The Abortion Debate Really Isn't That Complicated: Part 2
When my wife and I found out we were expecting our first child, we did the most millennial thing ever. We downloaded an app.
The app allowed us to track the growth of our new baby. One week she was the size of an avocado. The next week, a peach. Yes, I know it’s ridiculous. But it was fun.
The app told us all the ways our baby was growing and changing. It told us when she was able to hear us. When her organs were formed. When she was able to suck her thumb.
As we went through this journey as new parents, I thought back to what it must have been like for my parents. Or even my grandparents. They didn’t have an app. They didn’t know nearly as much about their unborn child as we do today. Ultrasound wasn’t even invented until 1956, and it wasn’t widely used in America until the 1970’s.
As time has gone on, we have discovered more and more about the unborn. Science and technology have revealed more about life in the womb than we’ve ever known. And as many are now realizing, it’s changing the abortion debate.
You see, for a long time, people have labeled Christians as anti-science. We are those crazy people who believe in a Creator, a global flood, miracles, and life after death. We even claim to have a personal relationship with a guy who rose from the dead.
But many are now making a bold claim: pro-life is pro-science. The March for Life, America’s largest pro-life rally each year, even used that statement for their theme this past year.
I wrote a post recently about how the abortion debate really isn’t as complicated as most people make it. I said that it all comes down to this central question, “Is the unborn child a person?” How you answer that question determines what you believe about abortion and takes you in one of two very opposite directions.
Because of science, that question is becoming easier and easier to answer. The more we learn about the fetus, the harder it is to deny personhood.
Roe v. Wade, the Supreme Court case that protected a woman’s right to have an abortion, was decided in 1973. Do you know how much we have learned about pregnancy and the unborn child since then? Remember, ultrasound machines were just stepping onto the scene in the 1970’s. The internet was not invented yet. Post-It Notes were not even invented yet. Post-It Notes for crying out loud.
Check out some of these facts that science has confirmed about the unborn life, many discovered in the last few decades:
From the very moment of conception, when the sperm fertilizes the egg, a unique set of DNA is created, and the baby’s gender is already determined.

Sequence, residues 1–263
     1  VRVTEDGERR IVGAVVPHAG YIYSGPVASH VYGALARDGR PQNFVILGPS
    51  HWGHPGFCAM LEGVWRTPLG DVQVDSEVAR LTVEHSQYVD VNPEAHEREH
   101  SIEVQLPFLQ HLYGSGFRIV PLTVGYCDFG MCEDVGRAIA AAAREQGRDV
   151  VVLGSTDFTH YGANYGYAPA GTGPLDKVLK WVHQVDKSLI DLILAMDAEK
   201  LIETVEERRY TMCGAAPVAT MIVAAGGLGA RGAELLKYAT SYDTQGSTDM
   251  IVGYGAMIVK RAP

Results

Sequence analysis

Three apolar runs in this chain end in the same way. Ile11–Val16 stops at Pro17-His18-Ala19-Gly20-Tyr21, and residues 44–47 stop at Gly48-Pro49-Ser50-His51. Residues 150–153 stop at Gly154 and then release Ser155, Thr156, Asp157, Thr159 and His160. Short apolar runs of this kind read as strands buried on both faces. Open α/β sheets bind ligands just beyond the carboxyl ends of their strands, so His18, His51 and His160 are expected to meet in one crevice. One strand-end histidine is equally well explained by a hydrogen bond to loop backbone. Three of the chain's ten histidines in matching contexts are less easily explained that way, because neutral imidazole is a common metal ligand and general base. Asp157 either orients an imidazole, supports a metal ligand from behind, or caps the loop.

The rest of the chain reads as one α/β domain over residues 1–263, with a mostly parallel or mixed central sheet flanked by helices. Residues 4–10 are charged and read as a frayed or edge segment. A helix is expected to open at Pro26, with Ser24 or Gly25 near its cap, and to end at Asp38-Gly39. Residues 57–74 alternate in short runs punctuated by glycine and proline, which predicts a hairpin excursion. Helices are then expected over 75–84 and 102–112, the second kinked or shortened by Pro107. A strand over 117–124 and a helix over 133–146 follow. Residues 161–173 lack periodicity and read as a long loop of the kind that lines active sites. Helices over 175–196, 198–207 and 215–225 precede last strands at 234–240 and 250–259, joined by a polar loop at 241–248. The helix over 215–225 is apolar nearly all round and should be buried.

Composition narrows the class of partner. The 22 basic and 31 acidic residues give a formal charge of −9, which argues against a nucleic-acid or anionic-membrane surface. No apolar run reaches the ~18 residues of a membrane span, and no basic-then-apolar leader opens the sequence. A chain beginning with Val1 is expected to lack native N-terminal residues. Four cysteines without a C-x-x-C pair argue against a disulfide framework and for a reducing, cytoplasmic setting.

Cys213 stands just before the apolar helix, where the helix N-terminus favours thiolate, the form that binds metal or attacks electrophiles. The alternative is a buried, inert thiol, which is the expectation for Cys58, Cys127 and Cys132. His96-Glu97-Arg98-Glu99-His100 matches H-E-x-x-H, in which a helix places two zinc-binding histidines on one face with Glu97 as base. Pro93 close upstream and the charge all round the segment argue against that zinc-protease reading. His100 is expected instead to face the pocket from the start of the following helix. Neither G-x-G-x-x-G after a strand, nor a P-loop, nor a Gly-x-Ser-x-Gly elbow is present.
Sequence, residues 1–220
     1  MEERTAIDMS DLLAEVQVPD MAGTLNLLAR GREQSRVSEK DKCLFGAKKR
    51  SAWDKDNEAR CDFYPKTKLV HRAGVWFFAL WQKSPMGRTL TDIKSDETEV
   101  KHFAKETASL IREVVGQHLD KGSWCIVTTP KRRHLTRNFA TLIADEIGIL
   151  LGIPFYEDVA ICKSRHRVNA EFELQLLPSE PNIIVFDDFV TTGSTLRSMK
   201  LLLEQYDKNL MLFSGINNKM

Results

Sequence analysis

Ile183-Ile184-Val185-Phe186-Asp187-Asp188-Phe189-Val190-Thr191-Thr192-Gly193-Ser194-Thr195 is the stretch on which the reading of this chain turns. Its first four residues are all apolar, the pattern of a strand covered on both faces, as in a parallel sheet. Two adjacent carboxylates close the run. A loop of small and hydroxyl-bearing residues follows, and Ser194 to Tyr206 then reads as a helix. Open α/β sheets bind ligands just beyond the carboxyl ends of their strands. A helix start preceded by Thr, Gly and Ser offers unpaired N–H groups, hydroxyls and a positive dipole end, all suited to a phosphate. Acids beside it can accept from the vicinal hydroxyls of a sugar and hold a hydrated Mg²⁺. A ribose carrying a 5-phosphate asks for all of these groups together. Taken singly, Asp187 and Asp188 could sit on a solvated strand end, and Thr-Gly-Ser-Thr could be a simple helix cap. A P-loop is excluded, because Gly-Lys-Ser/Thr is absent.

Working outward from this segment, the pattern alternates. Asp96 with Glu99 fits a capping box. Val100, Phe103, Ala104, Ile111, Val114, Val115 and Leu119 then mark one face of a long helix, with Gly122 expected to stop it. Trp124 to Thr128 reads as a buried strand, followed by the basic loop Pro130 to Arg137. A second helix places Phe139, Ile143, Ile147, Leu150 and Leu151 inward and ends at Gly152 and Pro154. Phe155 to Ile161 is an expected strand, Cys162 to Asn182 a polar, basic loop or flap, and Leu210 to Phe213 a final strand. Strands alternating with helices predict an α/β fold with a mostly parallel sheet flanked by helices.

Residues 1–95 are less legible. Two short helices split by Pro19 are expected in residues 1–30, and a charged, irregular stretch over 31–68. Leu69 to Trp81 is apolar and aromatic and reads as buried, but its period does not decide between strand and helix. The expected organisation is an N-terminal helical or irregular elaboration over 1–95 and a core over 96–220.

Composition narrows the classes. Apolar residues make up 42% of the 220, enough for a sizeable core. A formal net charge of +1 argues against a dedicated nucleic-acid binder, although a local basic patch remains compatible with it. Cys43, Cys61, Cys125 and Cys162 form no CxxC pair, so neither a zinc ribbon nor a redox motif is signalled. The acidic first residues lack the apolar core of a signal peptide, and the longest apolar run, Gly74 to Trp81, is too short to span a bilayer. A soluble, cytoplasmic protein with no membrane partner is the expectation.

At 3 weeks, the heart begins to beat. Consider the fact that many women don’t even know they're pregnant at this point.
At 4 weeks, eyes and ears are formed, and blood is flowing throughout the body.
At 6 weeks, brain waves can be detected.
At 9 weeks, the baby can yawn and suck its thumb.
At 10 weeks, all the baby’s major organs are formed and functional, and unique fingerprints begin to form.
At 19 weeks, the baby can dream.
At 20 weeks, the baby can feel pain.
At 26 weeks, the baby can cry in the womb.
At 28 weeks, the baby can smell what the mother smells.
These are just a handful of the endless facts you can find and verify through a simple internet search. These are not pro-life opinions. These are scientific facts.
If a pregnant woman is not pregnant with a human life, then what is she pregnant with? And if she is pregnant with a human life, then isn’t that life just as deserving of protection and care as every other life made in the image of God? Science has confirmed what Bible-believing Christians have always known and taught. Life begins at conception.
Of course there are those that push back on this argument. Some seek a middle ground by arguing that life begins at viability. They believe that when the unborn baby can survive apart from the mother, then that life is worthy of personhood. But as science progresses, viability continues to come sooner. Just last month, the world’s smallest baby at birth was discharged from the hospital after she was born at just 23 weeks.
And what does viability really mean? The ability to survive on your own? That makes me wonder, is my two-year-old even viable?
“Well,” others argue, “maybe life begins at first heartbeat, or maybe when pain is felt, or maybe when organs are developed.” But I think this argument is going to continue getting more difficult to make. Because again, science has confirmed what no one can honestly deny. Life is a process that begins at the moment of conception.
That’s why we see such polar opposite arguments happening. There are those advocating for legal abortion up until the moment of birth, and then there are those advocating for a total ban on all abortions. Science has almost eliminated the middle way.
As a result, the abortion debate isn’t going away anytime soon. Instead, it’s shifting. The question is no longer, “Is the unborn child a human being?” The question is now, “Is the unborn child a person?” In other words, “Should we grant personhood to every unborn life, thereby granting them full protection, dignity, and rights?”
Make no mistake. This debate is messy, costly, overcrowded, and deeply personal for some. But it’s really not that complicated.
So log off social media, turn off the tv, close out this blog, and think for yourself. Answer the question: Is the unborn child a person?
Their lives depend on your answer.